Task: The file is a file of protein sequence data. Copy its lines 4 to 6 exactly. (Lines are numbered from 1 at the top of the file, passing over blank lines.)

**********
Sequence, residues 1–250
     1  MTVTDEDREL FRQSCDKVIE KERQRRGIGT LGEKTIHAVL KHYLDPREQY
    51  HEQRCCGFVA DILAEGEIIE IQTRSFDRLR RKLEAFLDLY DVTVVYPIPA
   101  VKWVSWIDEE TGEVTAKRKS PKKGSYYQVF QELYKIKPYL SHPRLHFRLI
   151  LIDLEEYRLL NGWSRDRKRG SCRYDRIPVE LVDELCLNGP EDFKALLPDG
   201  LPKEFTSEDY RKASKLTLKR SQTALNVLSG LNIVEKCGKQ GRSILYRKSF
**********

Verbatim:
   101  VKWVSWIDEE TGEVTAKRKS PKKGSYYQVF QELYKIKPYL SHPRLHFRLI
   151  LIDLEEYRLL NGWSRDRKRG SCRYDRIPVE LVDELCLNGP EDFKALLPDG
   201  LPKEFTSEDY RKASKLTLKR SQTALNVLSG LNIVEKCGKQ GRSILYRKSF